uComedy really took of through one of its pioneers; Charlie Chaplin.
uChaplin was born in 1889 and he made his first film in 1914. He self directed and wrote all his pieces and his career lasted over 75 years.
uHe was famous for his unique movements and acrobatics, using his body to create humour. However his humour was also quite natural. He would often wait for the environment around him to present him with an oppurtunity to get people laughing.

1930s-1950s
uAs we move into the early 1930s, Slapstick was slowly growing out of fashion as new technology meant that films could contain speaking.
uVerbal humour at the time consisted of innuendos, parodies and on screen puns
uOne of the first directors to use verbal humour was William Fields who was born in 1880. His most famous film was little Chikadee.
uComedy duo ‘Laurel and Hardy’ were also very popular at this time. They used more elaborate sets and storylines than previous comedies as well as using a combination of slapstick and verbal humour.
1960s-1980s
At this point, comedy became darker and somewhat serious in films.
There were more spoofs on real life events and spin offs from other tv shows. The leaders of the genre at this point were a group called Monty Python. One of the most famous actors being John Cleese.
There films were well written and consistently funny. A lot of there comedy was very surreal and did not make sense. Scenes were often not in a logical order.
For instance in one of there most famous films ‘Life of Brian’ which is based in biblical times, a man is randomly captured and sent up into space by aliens. The sheer strangeness makes it humorous. Life of Brian also built up a lot of controversy as it made fun of Jesus’ life and actions. For instance as Jesus is carrying the cross up the hill he asks a random stranger to carry it for him. The film was banned in 12 countries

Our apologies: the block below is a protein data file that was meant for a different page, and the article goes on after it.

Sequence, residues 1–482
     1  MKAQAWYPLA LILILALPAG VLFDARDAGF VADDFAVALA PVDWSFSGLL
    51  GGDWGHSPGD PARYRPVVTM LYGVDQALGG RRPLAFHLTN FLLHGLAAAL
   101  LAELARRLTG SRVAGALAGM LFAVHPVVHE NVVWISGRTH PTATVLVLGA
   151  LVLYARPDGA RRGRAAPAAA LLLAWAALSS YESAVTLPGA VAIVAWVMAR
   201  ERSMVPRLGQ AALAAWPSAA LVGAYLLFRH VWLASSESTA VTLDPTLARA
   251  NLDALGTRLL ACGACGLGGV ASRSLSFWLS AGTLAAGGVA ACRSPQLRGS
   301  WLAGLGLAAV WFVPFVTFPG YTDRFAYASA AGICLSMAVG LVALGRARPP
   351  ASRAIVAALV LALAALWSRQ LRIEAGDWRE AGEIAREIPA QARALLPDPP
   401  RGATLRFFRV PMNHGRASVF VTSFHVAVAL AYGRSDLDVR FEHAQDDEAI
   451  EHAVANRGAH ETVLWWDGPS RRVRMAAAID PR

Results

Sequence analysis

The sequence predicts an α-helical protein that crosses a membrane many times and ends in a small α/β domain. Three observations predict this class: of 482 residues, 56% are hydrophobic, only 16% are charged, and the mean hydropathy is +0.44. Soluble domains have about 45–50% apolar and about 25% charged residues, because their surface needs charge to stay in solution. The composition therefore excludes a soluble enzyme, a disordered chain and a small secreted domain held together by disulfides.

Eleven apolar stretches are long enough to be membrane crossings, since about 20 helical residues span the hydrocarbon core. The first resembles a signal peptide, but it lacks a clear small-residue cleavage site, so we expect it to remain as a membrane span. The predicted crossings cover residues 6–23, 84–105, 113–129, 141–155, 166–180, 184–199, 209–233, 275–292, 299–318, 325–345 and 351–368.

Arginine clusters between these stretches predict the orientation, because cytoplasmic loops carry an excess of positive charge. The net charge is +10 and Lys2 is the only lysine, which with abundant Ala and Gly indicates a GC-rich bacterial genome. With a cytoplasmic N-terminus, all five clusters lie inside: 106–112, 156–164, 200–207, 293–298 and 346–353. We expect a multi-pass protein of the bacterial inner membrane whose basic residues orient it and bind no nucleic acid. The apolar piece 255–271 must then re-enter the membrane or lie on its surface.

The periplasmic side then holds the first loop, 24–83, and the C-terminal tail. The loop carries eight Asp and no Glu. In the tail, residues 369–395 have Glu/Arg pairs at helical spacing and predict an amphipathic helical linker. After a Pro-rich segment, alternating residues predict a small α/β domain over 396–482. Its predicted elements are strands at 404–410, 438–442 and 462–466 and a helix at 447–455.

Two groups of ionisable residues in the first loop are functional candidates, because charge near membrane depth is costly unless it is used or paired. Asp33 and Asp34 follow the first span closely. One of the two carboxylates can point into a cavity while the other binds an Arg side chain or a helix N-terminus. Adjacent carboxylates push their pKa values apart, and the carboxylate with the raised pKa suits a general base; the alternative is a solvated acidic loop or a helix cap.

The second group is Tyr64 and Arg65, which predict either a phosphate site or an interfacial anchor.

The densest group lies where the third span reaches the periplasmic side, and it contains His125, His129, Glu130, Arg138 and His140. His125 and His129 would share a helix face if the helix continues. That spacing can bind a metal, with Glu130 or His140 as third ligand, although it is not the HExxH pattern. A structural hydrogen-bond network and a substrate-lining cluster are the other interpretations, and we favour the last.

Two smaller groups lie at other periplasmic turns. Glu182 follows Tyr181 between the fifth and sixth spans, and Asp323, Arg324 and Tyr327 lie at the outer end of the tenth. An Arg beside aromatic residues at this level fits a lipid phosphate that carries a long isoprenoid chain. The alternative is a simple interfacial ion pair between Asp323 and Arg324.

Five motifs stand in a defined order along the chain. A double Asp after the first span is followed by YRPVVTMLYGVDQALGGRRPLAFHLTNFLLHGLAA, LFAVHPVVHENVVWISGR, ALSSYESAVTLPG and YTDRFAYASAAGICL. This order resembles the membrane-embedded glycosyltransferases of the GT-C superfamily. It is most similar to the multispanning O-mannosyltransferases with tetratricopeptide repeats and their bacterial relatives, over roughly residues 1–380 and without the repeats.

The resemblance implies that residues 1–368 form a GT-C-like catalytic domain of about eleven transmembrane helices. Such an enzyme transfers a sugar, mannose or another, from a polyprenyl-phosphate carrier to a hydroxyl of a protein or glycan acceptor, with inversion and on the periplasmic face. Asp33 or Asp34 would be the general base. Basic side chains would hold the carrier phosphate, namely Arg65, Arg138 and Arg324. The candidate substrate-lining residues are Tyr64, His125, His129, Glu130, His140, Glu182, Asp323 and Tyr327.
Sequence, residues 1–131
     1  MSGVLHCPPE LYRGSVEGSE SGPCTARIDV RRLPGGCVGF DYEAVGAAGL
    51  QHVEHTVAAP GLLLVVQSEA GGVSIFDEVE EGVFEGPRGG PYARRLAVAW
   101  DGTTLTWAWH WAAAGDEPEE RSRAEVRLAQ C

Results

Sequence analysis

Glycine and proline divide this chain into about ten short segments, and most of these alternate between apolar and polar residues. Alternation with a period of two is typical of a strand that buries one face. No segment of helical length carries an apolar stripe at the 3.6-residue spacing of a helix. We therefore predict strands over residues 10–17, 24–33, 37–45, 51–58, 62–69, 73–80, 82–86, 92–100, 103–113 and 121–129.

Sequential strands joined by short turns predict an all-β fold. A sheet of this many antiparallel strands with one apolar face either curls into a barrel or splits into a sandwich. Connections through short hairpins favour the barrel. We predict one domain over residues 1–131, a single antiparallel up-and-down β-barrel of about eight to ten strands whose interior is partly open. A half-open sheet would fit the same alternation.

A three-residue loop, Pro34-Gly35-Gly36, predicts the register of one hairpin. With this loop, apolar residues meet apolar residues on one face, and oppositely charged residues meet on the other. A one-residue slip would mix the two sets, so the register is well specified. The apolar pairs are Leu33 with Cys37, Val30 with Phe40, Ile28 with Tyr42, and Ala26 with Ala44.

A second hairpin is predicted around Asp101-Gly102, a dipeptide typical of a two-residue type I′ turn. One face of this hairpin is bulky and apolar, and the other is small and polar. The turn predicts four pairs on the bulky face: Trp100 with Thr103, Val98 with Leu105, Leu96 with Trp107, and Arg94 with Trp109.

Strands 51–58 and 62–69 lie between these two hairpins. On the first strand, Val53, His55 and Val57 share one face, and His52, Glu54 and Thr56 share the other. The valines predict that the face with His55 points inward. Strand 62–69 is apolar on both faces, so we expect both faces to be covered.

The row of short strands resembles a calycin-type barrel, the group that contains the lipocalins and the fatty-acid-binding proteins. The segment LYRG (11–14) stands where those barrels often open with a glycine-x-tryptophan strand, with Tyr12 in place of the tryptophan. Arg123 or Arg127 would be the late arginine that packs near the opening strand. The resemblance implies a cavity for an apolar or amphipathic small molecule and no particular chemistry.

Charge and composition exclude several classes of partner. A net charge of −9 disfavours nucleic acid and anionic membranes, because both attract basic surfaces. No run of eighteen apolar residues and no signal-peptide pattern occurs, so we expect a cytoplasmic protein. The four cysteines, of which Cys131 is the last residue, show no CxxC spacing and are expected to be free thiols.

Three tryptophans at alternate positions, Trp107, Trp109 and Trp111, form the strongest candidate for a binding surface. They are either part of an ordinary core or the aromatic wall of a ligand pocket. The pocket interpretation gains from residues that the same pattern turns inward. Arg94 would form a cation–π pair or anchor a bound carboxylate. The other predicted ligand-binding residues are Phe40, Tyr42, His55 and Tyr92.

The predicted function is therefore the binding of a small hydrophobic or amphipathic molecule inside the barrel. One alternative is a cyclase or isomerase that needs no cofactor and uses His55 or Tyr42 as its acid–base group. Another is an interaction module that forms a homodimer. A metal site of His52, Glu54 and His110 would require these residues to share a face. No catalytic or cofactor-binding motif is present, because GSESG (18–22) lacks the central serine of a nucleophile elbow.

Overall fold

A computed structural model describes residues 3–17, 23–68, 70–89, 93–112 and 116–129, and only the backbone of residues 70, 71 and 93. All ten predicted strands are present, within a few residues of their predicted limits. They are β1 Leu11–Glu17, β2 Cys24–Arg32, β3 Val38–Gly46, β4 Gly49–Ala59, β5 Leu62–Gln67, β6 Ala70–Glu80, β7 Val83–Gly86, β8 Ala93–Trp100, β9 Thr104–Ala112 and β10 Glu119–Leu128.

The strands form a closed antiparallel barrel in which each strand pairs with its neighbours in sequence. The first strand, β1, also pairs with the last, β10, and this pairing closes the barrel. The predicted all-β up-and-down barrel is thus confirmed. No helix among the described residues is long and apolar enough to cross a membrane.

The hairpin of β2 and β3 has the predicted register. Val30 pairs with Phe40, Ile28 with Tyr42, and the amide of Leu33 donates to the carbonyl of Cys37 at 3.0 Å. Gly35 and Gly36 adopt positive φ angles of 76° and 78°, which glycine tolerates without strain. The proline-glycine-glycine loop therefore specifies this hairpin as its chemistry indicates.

1990s- present day
uComedies nowadays have big budgets and there are many huge stars coming out of the comedy genre.
uOne of the most popular comedy sub genres at the moment is Romantic Comedy. This is because people can relate to the situations they see on screen but unlike other sub genres, Rom Coms can have a deeper meaning to them.
uOne of the most famous being ‘love actually’ its all star cast and uniquely heart-warming story led it to be one of the highest grossing British films ever.
uSome of the biggest actors around today are comedians: Will Ferrell, Jim Carey, Kevin Hart and Jonah Hill

Friday, 25 September 2015

What I Have Learned In Media So Far

So far in media I have learnt many interesting, insightful and somewhat eye opening pieces of information. Most of the things we have looked at are new to me but I am already intrigued by some of the concepts we have discussed. One thing I have already picked up on is that Media makes you question a lot of things.

 We have started looking at semiotics and semiology which is the study of signs symbols and signification. However so far we have focused on learning not to state the obvious and look more deeply at certain things. For instance we have been shown many different pictures and been asked to say what we see. Most of the time the answer seems obvious but we are quickly shown that it is not. One thing we have looked at in more detail is a picture of a pipe, which is in fact not a pipe. Mr Ford has used this to demonstrate that just because we see it on a screen does not mean it’s real. We have also discussed the hypothesis that we, as a society are completely controlled by the media. We are told what to wear eat and even what to think. However there is also an argument that we have become so accustomed to the media (tertiary) that we do not take notice of it anymore and have almost become out of its manipulative grasp. Personally I believe that media definitely influences our decisions but does not control them. We have also learnt a very important anagram that will help us throughout our media course: